Empowering the Youth in Sri Lanka and Increasing their Contribution to Economic Development
11 Aug 2016 by Madura Thiwanka Pathirana
According to the Census and Statistics Department, the percentage of youth from the total population of Sri Lanka in 2012 was 23.2%, a decline compared to 2011. The National Human Development Report (2014) also indicates that distribution of youth within the provinces is uneven.
As a growing economy, Sri Lanka needs to focus more on service sector involvement. Higher involvement in the service sector will enable the economy to improve in every factor, for example in employment opportunities, higher disposable income etc. For the growth of the Sri Lankan economy, the youth of the country needs to contribute to this higher involvement. This is currently not the case (NHDR 2014). Youth who are based in the North, North Central and Eastern Provinces, are contributing at a low level to economic development in the service sector. If policy developers can develop a solution to empower and enlighten the youth, their contribution would be higher.
The key reason behind this was discovered by analyzing a sample industry and sample of youth. As a young entrepreneur, I always observe young entrepreneur-based companies who are engaged in service delivery. For this short review, I would like to discuss the Negombo-based Tourism taxi service providers. Currently, these young service suppliers are moving away from the core benefit which the passengers are expecting from them. Service providers are instead resorting to manipulating and misleading the customer and maximizing the revenue and net profit.
From the primary research which I carried out, I have found four main factors which service providers are implementing to generate high revenue and net profit, thus moving away from the core service delivery: adding hidden charges, aging fleet, inexperienced staff and charging extraordinary prices.
If the educational sector can develop a strong knowledge-sharing process for the youth in this country, I believe young people will be more engaged in economic activities. As the NHDR (2014) indicates, if the country can focus on building an industry sector knowledge sharing program, with an advanced methodology with the intention of youth empowerment, engagement with a defined format will certainly rise.
The NHDR (2014) also indicated that the North and East provinces are struggling to provide jobs to the youth. If private and government sector education systems can integrate to design an approach aiming to reduce the lack of knowledge in economic activities, and if the education system can improve their knowledge of specialized economic activities in these areas, youth involvement will improve. This is the best solution; in the National Youth Survey (2013) 48.7% of the respondents mentioned that they would prefer a skilled job.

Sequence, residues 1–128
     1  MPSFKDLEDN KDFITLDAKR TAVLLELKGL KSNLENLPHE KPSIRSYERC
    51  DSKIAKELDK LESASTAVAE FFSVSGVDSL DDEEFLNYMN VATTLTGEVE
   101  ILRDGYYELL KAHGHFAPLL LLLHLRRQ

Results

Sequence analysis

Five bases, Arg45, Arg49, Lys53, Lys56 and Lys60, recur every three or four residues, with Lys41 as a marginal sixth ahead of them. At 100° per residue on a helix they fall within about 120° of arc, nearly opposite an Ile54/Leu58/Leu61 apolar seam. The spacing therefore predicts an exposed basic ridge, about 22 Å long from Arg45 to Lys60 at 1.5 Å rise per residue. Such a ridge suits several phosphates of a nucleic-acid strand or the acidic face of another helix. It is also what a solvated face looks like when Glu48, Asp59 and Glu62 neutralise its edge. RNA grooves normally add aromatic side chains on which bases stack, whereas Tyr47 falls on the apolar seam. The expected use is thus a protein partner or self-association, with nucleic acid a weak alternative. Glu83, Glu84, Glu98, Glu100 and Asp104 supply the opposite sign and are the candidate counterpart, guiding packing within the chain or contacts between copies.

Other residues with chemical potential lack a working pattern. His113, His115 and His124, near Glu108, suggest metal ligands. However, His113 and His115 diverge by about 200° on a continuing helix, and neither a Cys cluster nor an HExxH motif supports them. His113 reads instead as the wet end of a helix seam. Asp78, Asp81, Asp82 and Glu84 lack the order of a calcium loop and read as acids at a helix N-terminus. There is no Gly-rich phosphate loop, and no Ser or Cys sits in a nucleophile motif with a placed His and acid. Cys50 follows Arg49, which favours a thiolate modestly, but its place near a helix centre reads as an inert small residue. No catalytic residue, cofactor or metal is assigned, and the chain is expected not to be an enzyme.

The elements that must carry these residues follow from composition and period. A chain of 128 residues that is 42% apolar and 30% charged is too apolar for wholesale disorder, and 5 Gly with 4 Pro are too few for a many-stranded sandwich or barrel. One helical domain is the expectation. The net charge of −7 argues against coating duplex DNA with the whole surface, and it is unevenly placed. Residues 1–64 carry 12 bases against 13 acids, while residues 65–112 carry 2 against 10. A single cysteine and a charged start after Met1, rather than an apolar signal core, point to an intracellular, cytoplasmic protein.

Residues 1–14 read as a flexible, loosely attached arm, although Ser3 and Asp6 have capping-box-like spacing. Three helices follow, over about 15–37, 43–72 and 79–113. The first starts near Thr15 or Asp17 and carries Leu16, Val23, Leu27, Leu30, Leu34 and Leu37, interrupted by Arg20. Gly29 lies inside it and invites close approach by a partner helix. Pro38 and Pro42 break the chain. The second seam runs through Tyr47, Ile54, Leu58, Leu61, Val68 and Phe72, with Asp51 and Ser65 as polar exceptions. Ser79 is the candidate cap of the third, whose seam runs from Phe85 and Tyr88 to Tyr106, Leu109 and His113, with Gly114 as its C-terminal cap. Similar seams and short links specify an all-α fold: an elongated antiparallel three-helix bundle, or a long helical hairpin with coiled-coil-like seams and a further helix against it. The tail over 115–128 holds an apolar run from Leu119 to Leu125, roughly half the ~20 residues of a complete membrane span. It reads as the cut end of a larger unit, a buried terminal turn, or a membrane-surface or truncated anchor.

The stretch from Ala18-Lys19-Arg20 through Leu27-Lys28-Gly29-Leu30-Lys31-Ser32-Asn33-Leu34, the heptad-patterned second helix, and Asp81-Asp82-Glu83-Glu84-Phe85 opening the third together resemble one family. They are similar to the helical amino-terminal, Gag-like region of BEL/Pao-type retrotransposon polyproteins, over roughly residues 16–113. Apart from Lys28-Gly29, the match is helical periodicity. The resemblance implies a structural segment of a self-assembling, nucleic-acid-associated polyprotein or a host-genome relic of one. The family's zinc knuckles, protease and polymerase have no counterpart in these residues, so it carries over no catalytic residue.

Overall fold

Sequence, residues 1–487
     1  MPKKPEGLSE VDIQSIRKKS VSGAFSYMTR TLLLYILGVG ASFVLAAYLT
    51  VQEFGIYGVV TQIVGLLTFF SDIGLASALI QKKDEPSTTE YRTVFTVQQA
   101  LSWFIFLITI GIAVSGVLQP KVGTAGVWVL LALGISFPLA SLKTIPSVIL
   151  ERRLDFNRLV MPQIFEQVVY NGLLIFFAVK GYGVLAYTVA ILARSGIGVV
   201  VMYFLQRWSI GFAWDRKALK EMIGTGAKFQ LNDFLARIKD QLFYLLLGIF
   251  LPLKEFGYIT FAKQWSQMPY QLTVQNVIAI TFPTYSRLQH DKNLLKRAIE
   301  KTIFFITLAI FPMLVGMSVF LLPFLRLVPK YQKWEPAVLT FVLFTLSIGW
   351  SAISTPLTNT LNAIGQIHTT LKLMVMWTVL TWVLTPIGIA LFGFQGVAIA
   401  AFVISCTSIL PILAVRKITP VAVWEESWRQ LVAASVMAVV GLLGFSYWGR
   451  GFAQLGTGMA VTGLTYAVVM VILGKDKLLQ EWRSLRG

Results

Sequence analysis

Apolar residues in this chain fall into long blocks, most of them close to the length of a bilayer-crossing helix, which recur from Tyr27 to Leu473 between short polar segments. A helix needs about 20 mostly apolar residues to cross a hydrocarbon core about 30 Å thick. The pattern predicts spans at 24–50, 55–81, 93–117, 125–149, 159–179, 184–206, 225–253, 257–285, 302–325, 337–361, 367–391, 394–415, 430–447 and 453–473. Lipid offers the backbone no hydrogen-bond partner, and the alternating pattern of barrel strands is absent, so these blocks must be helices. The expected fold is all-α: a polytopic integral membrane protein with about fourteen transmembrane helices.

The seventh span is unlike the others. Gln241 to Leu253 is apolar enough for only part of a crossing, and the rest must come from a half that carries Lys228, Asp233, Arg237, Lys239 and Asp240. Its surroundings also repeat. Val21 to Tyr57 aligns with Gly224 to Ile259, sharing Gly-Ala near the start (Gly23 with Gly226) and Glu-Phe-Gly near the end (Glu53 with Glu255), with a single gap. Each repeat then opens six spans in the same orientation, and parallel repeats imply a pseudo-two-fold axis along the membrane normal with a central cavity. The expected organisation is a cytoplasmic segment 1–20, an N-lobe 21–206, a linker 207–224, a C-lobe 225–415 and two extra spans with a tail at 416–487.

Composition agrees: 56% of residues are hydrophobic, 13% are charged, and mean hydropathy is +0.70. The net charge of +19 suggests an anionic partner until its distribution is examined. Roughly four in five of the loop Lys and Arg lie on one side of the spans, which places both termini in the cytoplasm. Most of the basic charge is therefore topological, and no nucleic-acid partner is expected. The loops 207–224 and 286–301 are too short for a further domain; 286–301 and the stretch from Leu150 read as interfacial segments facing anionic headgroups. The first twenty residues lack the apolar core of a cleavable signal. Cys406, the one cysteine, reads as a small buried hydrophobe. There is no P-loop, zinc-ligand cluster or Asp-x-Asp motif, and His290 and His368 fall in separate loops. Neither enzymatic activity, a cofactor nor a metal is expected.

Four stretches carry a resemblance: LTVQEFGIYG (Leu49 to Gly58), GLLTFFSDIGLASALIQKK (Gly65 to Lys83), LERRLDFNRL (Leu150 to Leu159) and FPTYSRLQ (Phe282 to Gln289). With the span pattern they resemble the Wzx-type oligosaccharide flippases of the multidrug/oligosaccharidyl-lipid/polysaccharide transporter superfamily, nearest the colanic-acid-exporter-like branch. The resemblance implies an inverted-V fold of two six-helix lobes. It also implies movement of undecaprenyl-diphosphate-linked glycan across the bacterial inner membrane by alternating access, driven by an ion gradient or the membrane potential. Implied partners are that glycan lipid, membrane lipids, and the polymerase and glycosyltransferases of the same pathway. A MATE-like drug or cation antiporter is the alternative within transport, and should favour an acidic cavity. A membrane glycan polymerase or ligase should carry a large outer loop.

If economic engagement knowledge can be integrated with knowledge of job opportunities, youth engagement in the economy will be higher. The National Youth Survey states that 36.8% of youth reaffirmed the lack of information on job opportunities.
Due to the above identified factors, the industry and key service providers are struggling to cover the financial cost of the investment made for the vehicles. Return on the investments is decreasing with the rising investment costs. Survival of the individual operators is becoming a nightmare for most of the entrepreneurs; some of these companies are operating under a very small profit margin. During my research, which I was able to talk to few suppliers. They believe the only way to generate high revenue was through the manipulation of the service.
As a result, recently majority of the young service suppliers have become bankrupt and left the industry. They think that since the government is not focusing on development of the tourism industry, they do not get adequate demand for their service. I don’t believe that this is the case. I think they entered the market due to lack of employment opportunities. But as they do not have adequate knowledge of the industry, they get a negative response from the market causing them to leave the industry. They do not have many employment opportunities in Sri Lanka, therefore majority of them have left the country to do minor jobs abroad.
What we can learn from this is that it is very important to empower the youth in the country with the right knowledge and adequate professional and industry experience. This will stop young people from entering the service sector without a clear and defined objective. This will also help the youth of Sri Lanka to aim higher and dream bigger than owning a three-wheeler and serving as a tour guide in the tourism industry.
If the policy developers can accept the reality of today’s youth and develop an affordable and focused solution specifically aimed at youth empowerment, we as a country can get the maximum benefit out of young people in the development of this nation.